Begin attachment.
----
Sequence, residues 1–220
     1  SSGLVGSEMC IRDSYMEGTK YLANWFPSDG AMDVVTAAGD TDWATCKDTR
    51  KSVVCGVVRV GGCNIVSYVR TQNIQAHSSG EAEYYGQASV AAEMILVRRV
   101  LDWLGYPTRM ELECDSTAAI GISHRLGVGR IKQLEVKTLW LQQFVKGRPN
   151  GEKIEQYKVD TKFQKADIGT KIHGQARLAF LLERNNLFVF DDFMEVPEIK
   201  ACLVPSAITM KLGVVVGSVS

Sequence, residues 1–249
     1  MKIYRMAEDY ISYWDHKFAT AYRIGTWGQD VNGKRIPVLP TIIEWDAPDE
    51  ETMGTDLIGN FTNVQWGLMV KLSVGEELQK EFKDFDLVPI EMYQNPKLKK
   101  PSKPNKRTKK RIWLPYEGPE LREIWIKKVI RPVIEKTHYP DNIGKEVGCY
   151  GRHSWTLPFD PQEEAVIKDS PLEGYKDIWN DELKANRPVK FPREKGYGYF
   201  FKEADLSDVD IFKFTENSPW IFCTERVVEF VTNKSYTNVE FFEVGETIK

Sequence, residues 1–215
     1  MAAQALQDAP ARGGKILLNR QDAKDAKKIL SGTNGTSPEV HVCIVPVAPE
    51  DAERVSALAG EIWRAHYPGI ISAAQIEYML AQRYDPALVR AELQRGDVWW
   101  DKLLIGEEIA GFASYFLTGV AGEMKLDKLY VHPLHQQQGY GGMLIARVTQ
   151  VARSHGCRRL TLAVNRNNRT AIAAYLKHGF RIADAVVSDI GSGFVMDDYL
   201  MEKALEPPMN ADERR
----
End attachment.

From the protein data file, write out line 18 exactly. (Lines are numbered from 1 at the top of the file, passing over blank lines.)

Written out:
   201  MEKALEPPMN ADERR